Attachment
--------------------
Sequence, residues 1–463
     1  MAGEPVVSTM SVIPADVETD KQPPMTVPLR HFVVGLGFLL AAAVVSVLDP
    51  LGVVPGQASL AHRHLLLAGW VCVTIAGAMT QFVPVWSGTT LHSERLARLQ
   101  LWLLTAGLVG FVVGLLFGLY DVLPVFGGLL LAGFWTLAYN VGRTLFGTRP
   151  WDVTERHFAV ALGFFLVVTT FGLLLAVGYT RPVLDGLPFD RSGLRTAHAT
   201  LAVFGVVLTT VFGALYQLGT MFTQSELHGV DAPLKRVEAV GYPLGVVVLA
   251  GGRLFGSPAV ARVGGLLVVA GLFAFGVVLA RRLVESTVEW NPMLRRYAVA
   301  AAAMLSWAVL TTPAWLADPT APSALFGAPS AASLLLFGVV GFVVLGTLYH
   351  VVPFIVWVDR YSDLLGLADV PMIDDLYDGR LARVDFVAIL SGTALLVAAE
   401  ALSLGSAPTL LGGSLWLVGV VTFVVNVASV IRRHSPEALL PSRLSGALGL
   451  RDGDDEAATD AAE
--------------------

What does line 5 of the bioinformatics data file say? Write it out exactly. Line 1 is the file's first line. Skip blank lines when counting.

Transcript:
   151  WDVTERHFAV ALGFFLVVTT FGLLLAVGYT RPVLDGLPFD RSGLRTAHAT